As far as regional policy is concerned, the first communication was adopted by the European commission in 1965, followed by formation of Directorate General for Regional Policy (DG Regio) in 1968. In 1972, in Paris, Heads of states and Governments adopted the conclusion in which regional policy is described as the ‘key factor of the Community enforcement’.

The Second stage (1975 – 1986)

The regional policy at the level of the Community started to strengthen at the beginning of sixties. That was a response of the Community to the aggravation of global economic situation caused by the first oil crisis in 1973, which ended the ‘golden age’ of European economy. That was also a response to the first enlargement which occurred the same year. The new members (Great Britain, Ireland and Denmark) bring structural problems but also the experience in solving the problems of regional development (especially in the case of Ireland and Great Britain, which, by the way, is the first European country that adopted its own regional policy in 1928). Beside that, when Great Britain joined the common agricultural policy, a big problem has been appeared known as British Budgetary Question – BBQ. One of the responses to this problem was the foundation of the European Regional Development Fund – ERDF in 1975, through which the Community has to a certain extent compensated Britain for the loss. The aim of the ERDF is the improvement of economic and social cohesion within EU, through assistance in equalization of differences among regions and social groups.

The accession of Greece in 1981, and that of Spain and Portugal in 1986, has increased the need for joint regional policy. A new approach towards the regional differences appeared in 1985, when the Integrated Mediterranean Programs were started. The creation of these programs was settled in 1982, at the request of a new member, Greece, for a greater financial help. The aim of the Integrated Mediterranean programs was to aid Mediterranean regions of France, south of Italy, and above all to entire Greece, in order to support the development of tourism, agriculture, and small and medium enterprises in these regions.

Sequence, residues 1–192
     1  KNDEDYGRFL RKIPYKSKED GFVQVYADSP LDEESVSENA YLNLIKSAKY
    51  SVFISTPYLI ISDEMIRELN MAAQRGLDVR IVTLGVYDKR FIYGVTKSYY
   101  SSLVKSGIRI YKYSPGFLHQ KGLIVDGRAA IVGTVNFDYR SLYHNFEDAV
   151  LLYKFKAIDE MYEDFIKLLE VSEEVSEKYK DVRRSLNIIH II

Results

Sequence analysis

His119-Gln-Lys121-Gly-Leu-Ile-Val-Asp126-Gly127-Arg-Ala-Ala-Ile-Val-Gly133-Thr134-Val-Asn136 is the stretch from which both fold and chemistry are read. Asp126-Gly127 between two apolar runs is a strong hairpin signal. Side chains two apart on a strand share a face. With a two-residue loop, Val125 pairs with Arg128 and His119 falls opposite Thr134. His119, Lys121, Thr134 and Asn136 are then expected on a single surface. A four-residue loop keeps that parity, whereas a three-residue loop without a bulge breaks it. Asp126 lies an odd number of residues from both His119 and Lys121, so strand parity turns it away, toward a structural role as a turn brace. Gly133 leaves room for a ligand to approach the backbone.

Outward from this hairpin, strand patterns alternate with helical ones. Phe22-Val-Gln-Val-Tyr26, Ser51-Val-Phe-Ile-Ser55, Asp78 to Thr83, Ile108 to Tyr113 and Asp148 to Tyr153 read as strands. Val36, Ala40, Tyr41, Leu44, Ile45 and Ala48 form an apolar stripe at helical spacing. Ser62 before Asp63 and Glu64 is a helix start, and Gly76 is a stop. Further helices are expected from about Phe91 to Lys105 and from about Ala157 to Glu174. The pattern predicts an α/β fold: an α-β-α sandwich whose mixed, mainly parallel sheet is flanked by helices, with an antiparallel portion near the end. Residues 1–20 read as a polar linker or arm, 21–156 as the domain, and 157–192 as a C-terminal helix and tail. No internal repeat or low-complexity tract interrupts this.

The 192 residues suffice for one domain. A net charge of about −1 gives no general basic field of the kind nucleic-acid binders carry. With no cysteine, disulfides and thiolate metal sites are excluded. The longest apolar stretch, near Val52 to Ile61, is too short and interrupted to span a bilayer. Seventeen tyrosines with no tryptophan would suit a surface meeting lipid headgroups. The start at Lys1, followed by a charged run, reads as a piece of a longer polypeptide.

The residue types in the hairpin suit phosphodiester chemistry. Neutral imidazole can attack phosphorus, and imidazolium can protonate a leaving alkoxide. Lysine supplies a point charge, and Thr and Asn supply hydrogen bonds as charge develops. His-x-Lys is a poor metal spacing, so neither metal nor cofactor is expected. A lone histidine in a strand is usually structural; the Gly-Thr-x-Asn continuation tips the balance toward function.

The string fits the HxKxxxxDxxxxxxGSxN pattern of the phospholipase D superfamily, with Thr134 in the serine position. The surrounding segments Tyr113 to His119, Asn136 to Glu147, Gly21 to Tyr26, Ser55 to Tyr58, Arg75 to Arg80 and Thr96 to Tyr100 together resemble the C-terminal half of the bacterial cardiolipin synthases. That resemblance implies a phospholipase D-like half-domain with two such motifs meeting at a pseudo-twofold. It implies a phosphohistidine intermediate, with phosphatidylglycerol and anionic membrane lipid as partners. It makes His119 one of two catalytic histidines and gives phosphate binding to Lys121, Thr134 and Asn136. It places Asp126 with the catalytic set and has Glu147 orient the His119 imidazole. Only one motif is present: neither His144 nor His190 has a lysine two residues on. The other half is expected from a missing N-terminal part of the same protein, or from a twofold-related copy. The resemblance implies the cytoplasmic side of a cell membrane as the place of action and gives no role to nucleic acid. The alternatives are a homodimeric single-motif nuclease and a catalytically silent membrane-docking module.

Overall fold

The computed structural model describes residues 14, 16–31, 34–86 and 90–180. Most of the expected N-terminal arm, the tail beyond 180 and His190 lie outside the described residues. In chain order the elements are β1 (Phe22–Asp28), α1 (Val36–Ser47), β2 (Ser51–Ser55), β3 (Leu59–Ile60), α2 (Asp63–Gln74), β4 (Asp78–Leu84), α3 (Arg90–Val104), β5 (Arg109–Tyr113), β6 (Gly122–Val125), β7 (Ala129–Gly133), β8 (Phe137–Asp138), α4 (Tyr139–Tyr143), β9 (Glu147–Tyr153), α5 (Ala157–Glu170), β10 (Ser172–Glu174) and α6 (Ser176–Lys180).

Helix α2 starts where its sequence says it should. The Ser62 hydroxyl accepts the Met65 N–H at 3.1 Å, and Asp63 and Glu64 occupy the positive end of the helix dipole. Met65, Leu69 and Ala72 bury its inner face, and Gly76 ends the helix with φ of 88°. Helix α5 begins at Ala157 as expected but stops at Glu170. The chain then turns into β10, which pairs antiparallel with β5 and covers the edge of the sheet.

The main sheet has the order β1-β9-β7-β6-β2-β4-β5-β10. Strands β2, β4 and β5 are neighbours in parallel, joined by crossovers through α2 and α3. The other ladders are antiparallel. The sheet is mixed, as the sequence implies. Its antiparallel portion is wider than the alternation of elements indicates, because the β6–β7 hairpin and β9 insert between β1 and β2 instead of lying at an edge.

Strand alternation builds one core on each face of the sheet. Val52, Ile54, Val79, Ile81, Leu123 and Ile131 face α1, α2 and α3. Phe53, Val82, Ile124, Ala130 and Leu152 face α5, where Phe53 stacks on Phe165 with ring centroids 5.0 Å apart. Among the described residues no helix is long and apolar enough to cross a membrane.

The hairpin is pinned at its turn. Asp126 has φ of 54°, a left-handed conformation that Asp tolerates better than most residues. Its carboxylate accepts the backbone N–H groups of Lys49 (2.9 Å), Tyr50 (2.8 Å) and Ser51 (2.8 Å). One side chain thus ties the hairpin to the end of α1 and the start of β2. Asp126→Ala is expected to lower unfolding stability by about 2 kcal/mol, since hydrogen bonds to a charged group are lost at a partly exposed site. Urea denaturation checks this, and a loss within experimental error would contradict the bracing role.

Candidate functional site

In this stage, the Council of European Municipalities founded in 1951 in Geneva, and in 1984 it changed its name to the Council of municipalities and regions of Europe.

The Assembly of European regions was founded in 1985, with its headquarters in Strasbourg. Today, the Assembly represents more than 300 of European regions, including those outside the European Union. The main task of the Assembly is the construction and enforcement of political authorities which represent regional institutions in the joint institutions of European Union, as well as improve interregional cooperation.

The third stage (1986 – 1999)

The Single European Act, which was adopted in 1986 for the purpose of adaptation to changes in the European union after the enlargement and which prepares the basis for the completion of the process of a single market creation, has determined the foundation of cohesion policy. The new title (now XVII title, Articles 158-162) Economic and Social cohesion represents the first attempt to connect the goals of the Article 2 of the Treaty of European community ‘equal, balanced and sustainable development’ with the instruments of regional policy.

This period is also characterized by the first reformations of structural funds (Delors’ I package from 1989 to 1993). Real values of structural funds are doubled and reached 25% of the European community budget in 1992, and also the principles of structural operation management are determined, and standards and criteria for users are defined. In 1992, the Cohesion Fund was also founded.

The Committee of the Regions was founded by the Treaty of Maastricht in 1992 and it consists of the local and regional government representatives. The headquarters of the Committee of the Regions is in Brussels. Certain countries have the quota from 5 to 24 members, depending on the size. The European Union candidate countries have observer status in the Committee of the Regions. It is an advisory board consisting of the representatives of European local and regional authorities. This Committee has to be consulted before making the decisions in the European Union in the field of regional policy, environment, culture, education and transport, and which are of interest to regional and local authorities. Besides, the Commission, the Council and the European parliament can consult the Region Committee for other matters, too. The members of the Committee are nominated by their national Governments and appointed by the Council of the European Union for the period of four years.